The Loom

The Monkeys Win

Georgia’s State Schools superintendent Kathy Cox has backed down from her ban on the word evolution.

While this is excellent news, Georgia is still left with an incompetent superintendent. For one thing, she thinks Intelligent Design is an acceptable theory to teach in schools. For another, she justified removing the word evolution from state science standards by saying: “”By putting the word in there, we thought people would jump to conclusions and think, ‘OK, we’re going to be teaching the monkeys-to-man sort of thing.’ Which is not what happens in a modern biology classroom.”

In a sense I’m sure she did not intend, Cox is right. Monkeys did not evolve into humans, no more than your cousins are your grandparents. In a modern biology classroom, students learn that molecular and fossil evidence indicate that monkeys and humans descend from a common ancestor some 25 million of years ago.

I’m pretty sure she meant something else though, something that is yet another reason why she should resign.

Comments

  1. #1 Walt
    February 5, 2004

    The monkeys shouldn’t pat themselves on the back yet. Here in Montana, a local board of education passed new curriculum standards allowing creationism to be taught in science class.

    These new standards came at the behest of a local minister and a spokesman for the Discovery Institute, which I assume needs no introduction.

    It’s an election year, with our superintendent of public education up for re-election. The current superintendent has courageously defended the teaching of evolution and has been attacked by her Republican rival for doing so.

    Expect this to become a big issue in Montana next year, when new faces take office and our Legislature meets for its biennial session.

  2. #2 Dormie
    February 6, 2004

    I live in Atlanta. The Kathy Cox statements created a firestorm in the state. I was heartened that a wide range of educators, journalists and politicians strongly opposed her proposals. She is/was an embarrassment.

    BTW, Cox has had a knack for saying remarkably stupid things about a wide range of topics. She has been viewed here as a nut case for a long time. That does not mean, however, that she is without power or stamina. It is likely that she will try – by other means – to keep her views about evolution alive in the Georgia school system.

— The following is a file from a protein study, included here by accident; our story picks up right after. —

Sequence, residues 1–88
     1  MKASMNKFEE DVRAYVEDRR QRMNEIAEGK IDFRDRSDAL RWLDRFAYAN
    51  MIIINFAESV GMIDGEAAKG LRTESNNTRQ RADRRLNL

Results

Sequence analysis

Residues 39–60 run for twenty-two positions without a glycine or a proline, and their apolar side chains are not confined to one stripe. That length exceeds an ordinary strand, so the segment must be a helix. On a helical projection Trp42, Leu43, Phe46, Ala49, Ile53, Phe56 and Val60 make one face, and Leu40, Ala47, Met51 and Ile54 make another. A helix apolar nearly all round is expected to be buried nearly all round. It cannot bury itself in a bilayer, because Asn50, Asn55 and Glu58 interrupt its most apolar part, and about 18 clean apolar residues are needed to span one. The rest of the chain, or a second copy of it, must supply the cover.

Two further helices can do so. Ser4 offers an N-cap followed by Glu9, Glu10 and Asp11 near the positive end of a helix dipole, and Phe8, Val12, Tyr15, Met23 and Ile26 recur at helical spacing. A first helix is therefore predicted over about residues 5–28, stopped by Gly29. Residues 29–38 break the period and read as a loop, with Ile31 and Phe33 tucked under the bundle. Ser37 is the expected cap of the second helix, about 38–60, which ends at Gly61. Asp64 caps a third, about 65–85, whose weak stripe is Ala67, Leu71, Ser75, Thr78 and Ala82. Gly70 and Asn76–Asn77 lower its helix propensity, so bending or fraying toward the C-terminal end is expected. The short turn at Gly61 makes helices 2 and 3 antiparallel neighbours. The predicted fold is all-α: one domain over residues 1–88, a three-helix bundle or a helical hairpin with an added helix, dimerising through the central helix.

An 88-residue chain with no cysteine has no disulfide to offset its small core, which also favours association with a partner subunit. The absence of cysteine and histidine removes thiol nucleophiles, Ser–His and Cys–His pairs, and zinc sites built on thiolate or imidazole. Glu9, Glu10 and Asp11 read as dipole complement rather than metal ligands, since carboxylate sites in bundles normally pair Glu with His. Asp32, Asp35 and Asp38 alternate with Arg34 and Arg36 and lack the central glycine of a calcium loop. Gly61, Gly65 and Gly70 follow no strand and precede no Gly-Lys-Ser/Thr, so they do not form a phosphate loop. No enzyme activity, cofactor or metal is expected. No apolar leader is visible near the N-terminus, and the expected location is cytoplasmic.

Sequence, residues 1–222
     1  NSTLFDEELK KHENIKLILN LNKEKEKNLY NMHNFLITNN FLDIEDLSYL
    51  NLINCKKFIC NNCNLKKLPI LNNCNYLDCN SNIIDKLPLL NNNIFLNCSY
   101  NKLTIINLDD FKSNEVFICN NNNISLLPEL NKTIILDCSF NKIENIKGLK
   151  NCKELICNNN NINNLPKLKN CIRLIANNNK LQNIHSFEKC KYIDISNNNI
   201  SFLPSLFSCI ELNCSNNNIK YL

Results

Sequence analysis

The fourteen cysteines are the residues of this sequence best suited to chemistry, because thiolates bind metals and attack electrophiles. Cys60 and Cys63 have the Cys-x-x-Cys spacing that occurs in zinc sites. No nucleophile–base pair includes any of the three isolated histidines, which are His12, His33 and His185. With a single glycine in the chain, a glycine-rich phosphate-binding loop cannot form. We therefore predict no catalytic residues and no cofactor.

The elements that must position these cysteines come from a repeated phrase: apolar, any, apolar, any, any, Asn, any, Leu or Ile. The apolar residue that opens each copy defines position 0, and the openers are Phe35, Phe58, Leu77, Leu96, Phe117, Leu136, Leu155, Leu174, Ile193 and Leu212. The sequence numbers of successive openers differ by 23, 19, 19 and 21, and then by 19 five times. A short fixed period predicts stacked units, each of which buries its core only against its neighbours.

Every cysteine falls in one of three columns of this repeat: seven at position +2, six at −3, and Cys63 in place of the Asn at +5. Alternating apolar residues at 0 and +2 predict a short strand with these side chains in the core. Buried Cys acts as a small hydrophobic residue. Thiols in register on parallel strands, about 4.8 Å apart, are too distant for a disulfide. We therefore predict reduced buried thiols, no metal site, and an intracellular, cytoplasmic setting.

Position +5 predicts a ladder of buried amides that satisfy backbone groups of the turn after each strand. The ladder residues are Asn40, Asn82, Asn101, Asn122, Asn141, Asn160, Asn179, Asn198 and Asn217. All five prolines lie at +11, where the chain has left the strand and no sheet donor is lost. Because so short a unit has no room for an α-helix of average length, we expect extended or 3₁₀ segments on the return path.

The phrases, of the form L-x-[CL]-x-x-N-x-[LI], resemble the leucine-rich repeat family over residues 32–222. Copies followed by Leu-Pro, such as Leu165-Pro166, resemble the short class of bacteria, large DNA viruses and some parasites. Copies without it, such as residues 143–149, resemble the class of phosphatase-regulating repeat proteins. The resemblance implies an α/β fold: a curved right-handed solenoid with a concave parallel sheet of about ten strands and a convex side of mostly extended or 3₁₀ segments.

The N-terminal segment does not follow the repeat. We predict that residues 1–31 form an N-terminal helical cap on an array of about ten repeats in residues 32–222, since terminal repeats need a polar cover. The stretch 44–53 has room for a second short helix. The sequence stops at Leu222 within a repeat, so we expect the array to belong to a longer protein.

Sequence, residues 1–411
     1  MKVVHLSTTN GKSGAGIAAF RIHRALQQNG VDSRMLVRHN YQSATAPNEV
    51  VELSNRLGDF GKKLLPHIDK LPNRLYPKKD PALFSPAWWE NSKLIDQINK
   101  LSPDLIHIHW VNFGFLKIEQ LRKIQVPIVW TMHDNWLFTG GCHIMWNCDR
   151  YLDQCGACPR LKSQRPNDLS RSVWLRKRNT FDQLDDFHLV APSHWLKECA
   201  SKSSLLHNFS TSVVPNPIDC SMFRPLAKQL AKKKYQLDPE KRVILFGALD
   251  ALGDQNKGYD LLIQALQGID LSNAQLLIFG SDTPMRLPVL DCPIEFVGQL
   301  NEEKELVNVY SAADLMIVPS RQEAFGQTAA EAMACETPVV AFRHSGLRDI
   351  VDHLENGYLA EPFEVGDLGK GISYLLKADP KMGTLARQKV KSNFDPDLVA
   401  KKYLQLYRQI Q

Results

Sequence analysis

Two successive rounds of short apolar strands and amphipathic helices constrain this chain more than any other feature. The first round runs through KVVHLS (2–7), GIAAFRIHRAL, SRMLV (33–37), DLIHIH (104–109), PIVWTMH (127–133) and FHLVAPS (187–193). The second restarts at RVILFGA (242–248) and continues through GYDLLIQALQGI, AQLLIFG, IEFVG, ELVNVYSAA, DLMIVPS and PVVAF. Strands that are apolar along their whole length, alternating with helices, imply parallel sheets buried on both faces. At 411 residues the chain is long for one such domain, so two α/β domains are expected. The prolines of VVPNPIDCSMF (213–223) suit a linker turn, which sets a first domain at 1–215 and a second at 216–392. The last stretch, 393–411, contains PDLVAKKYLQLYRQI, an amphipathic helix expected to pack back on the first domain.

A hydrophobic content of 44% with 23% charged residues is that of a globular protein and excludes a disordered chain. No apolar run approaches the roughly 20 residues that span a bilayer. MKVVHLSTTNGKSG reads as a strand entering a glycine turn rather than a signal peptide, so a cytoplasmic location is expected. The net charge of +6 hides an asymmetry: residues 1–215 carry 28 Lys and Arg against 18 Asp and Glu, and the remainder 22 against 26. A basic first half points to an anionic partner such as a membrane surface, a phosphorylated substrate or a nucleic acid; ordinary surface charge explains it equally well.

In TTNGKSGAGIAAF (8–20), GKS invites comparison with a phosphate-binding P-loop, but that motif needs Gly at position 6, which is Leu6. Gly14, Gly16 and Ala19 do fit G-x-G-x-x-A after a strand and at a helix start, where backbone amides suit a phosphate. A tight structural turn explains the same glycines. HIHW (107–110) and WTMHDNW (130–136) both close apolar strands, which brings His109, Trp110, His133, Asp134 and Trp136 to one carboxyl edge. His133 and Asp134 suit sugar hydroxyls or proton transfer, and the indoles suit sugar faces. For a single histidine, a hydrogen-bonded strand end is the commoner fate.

Keep an eye out. This is game is not over yet.

    Dormie

  3. #3 Walt
    February 6, 2004

    You got to love this:

    “Mr. Fuller is fooling himself if he thinks ‘objective origins’ and ‘intelligent design,’ or whatever you want to call them, is anything more than an attempt to put religion in our classrooms,” (Superintendent of Public Instruction Linda McCulloch) said Thursday.

  4. #4 Reed A. Cartwrigh
    February 6, 2004

    It is not over yet. Cox has not promissed to put all the other omission back into the curriculum. In fact, she hasn’t even admitted that anything is missing other than “that one word.” Sure “evolution” will be part of the standards, but the science behind it will not be.

  5. #5 roger
    February 9, 2004

    It is impossible not to think of that scene in “O brother where art thou” where the segregationist southern politician rails against blacks, jews, and “all dem pointy headed Yankees think we descended fom’ monkehs!”

    Yes, indeed, modernity gets a rough reception in the South. I know — I was raised in Georgia.

  6. #6 Patricia
    March 4, 2004

    I can only conclude that if Creationists can dummy down the progress of Evolutionary Science, we will jump from Aristotle’s limited knowledge, albeit, gifted insights to a new breed of Fundamentalists who are fighting to save their own faltering faith in a supernatural God.

    As a Christian, I find that so oppressive and superstitious.

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